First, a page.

Bonnie Piesse has taken a long journey back to the Star Wars universe. The actor first appeared in "Attack of the Clones" in 2002 as teenage Beru, who will eventually become Luke Skywalker's Aunt Beru in "A New Hope." Now, the actress is reprising her role in Disney+'s "Obi-Wan Kenobi." But there's a good chance you saw her more recently in something else: Piesse was one of the major voices that spoke out against the NXIVM cult in HBO's "The Vow."
When she first got cast in "Attack of the Clones," Piesse wasn't exactly a Star Wars fanatic. She knew the movie was filming in Australia and wondered if she could get a role in it. "I kind of wished for it," she says. Then they called her agent for an audition. "I guess they'd seen my photo on a casting website or something and they thought I looked like the older Beru," she says. Two weeks later, she was sitting in the library at her high school when her mom started screaming outside.
"I was still hiding away after everything and feeling pretty broken. . . . It kind of forced me to heal really quickly."
"Somehow, I knew that it wasn't a bad thing. I knew that it was Star Wars," Piesse says. She told her friends what was going on, and a celebration broke out in the library. "Everyone just started screaming and jumping up and down," she says. Years later, Piesse almost missed the message asking her to come back for "Obi-Wan Kenobi." She and her husband had moved to Portugal, where she's been relaxing and healing after escaping NXIVM and the clamor over "The Vow." She wasn't pursuing her acting career at all.
"Out of the blue, a message came through, which I didn't realize what it was. It was like a casting message, and I put it off," she says. "And then I decided to go back and look at it, and it turned out that it was Lucasfilm reaching out. They wanted to connect me with Deborah Chow so that she could tell me about the show and invite me."
Piesse was "nervous" about talking to the "Obi-Wan Kenobi" director but excited to begin a new chapter. The actor explains that she was still dealing with PTSD from her experience in NXIVM. "I was still hiding away after everything and feeling pretty broken," she says. But she wanted to come back to acting anyway. "I realized I was going to be doing Star Wars again," she says. "It kind of forced me to heal really quickly, too." Piesse says she "amped up" every healing thing that she was doing to make sure she would be OK on set again. While her PTSD is still present today, Piesse says she's doing "much better."
In 2020, HBO aired the documentary series "The Vow," which explored the NXIVM cult and its leader, Keith Raniere. Members joined thanks to promises of self-improvement but found themselves enmeshed in a much bigger conspiracy. In 2020, Raniere was sentenced to 120 years in prison. Piesse and her husband, Mark Vicente, were both NXIVM members, and they spoke out extensively about it in "The Vow."
According to Piesse, the series happened "pretty organically." As she and Vicente finally started to leave the cult, they opened up to their friend Jehane Noujaim, who would ultimately direct "The Vow." Noujaim took out her camera to film their account.
While it was scary to come forward — Piesse describes herself as a "pretty private person" — the pair were determined. "We really wanted people to understand more how this happens and that it's everywhere," she explains. "And we had a very strong drive to stop Keith Raniere from what he was doing, and that just seemed like one big way to try to do that."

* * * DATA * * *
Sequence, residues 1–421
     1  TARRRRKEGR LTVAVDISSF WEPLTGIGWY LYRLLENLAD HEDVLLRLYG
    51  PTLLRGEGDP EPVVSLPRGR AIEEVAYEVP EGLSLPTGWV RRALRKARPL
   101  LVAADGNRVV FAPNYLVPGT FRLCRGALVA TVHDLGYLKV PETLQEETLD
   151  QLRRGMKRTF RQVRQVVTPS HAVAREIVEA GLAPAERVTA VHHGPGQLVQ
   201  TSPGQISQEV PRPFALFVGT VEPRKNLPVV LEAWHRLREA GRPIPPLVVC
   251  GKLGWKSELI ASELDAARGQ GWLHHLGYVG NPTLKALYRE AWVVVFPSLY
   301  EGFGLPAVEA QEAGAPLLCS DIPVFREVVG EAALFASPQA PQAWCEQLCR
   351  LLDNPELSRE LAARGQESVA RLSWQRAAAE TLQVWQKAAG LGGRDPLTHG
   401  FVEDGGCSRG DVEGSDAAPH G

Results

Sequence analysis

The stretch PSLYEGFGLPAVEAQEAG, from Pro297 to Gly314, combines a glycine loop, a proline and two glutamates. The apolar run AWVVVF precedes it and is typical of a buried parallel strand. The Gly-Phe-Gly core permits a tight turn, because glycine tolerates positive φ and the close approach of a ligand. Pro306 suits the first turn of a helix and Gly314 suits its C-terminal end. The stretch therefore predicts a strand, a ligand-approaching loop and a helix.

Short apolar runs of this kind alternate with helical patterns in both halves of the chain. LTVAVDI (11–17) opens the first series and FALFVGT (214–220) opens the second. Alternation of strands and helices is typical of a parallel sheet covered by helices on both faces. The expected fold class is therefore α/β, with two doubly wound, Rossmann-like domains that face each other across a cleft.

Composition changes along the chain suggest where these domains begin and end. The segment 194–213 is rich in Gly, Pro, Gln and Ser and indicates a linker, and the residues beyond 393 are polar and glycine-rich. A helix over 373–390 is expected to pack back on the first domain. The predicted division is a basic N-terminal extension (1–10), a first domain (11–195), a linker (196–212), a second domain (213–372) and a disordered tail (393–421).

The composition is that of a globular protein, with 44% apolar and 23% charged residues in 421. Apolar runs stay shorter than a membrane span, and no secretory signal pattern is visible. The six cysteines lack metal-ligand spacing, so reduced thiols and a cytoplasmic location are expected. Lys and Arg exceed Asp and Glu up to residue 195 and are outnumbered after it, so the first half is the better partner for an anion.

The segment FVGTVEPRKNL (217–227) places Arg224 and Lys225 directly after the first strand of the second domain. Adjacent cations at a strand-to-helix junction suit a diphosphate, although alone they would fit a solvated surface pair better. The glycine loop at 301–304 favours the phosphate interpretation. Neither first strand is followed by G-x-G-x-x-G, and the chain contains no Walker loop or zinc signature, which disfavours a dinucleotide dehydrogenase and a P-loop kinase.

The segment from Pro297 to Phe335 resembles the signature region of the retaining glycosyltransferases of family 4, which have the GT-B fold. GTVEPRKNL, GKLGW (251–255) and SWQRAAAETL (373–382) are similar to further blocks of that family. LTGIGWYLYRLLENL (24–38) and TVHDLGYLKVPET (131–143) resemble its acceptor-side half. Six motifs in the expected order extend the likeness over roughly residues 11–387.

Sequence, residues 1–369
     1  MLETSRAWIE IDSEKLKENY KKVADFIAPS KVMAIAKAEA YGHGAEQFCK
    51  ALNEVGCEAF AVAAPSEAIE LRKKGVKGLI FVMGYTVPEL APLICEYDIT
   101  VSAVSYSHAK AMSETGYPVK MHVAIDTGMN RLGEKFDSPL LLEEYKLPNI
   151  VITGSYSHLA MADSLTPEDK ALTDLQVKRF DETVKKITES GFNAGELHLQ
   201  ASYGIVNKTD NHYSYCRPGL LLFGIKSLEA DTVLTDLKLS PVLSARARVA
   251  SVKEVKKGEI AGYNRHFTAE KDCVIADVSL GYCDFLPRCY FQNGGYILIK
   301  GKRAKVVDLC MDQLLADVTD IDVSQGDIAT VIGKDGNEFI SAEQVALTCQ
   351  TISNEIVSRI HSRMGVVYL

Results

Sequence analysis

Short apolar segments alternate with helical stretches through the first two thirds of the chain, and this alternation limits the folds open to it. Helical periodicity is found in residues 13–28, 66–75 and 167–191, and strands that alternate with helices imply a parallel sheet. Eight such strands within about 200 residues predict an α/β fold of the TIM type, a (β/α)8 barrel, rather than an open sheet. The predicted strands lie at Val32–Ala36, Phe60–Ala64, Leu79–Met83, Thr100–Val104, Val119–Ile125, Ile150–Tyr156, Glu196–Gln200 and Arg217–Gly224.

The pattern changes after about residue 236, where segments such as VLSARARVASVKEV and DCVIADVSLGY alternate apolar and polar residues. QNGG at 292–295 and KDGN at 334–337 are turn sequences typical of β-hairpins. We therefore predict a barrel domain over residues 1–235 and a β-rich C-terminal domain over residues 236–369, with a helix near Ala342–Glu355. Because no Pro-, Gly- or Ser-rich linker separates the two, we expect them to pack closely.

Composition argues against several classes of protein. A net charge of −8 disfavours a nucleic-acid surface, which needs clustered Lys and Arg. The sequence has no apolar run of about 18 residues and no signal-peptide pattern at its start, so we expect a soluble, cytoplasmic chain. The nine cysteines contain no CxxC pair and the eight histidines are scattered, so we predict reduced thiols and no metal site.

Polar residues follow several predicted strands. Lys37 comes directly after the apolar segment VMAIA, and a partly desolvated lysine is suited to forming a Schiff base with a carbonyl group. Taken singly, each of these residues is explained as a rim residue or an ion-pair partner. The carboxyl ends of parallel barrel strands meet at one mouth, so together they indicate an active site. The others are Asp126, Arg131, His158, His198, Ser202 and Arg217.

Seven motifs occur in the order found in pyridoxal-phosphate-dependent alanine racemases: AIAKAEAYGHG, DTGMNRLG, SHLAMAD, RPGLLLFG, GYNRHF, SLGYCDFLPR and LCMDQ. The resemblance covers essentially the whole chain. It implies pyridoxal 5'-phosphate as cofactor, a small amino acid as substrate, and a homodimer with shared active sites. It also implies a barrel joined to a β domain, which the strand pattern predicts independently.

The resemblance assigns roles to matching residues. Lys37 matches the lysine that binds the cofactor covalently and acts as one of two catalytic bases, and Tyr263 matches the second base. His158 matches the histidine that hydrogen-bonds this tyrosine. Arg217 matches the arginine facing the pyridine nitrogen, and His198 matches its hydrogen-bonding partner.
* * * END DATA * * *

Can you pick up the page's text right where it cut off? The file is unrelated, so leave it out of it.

Piesse took another risk when she jumped back into Star Wars. On set, she reunited with Joel Edgerton, who plays Uncle Owen, for the first time since they'd finished "Revenge of the Sith." "He knew everything I'd been through, too, and he was really supportive," she says. "It really didn't feel like much time had passed."
"But I felt much deeper gratitude this time than I was able to feel in the beginning, which was just excitement," she continues. "It was so great to bring a little more maturity to Beru. All she cares about is Luke, and she just wants to give him a great life and a great childhood. . . . She really cares about what's best for him."
I reveal to Piesse that I'm a little bit of an Aunt Beru fangirl and that I've joked many times about wanting to write an Aunt Beru origin-story movie. Would she be down for one? "Of course. Can you imagine me saying no?" she responds, although she suggests focusing on Beru and Owen rather than just Beru herself. I'll allow it.
"Obi-Wan Kenobi" has been light on Owen and Beru appearances so far, but Piesse hints that there will be some movement on their storyline before the six-episode series ends. She says of the couple, "They have a very solid relationship. They're very committed to each other and to Luke and to having a harmonious family. There are some dynamics that I think you'll see as the series goes along, which I don't want to give away."
For now, Piesse is focused on the future. Right after wrapping "Obi-Wan Kenobi," she shot a "really, really sweet love story" called "My Favorite Girlfriend," in which her character has dissociative identity disorder. She'll also be announcing another movie that should start filming early next year. "I got the acting bug back again for sure," Piesse says.
"Because of everything I've been through, I still need a little rest in between when I can get it. But yes, I'd love to do more and more," she says. "I find creativity, actually, is really healing."
I do have one more question for Piesse. The Lars-Skywalker family live on a moisture farm on Tatooine, but it's never quite clear in "A New Hope" if they're harvesting moisture from the air to have water, or if they're using that water to grow crops. Does she know? "No," she says. "I've never actually gone deeply into what a moisture farmer does." Alas, my quest for the truth continues.
"Obi-Wan Kenobi" is streaming now on Disney+.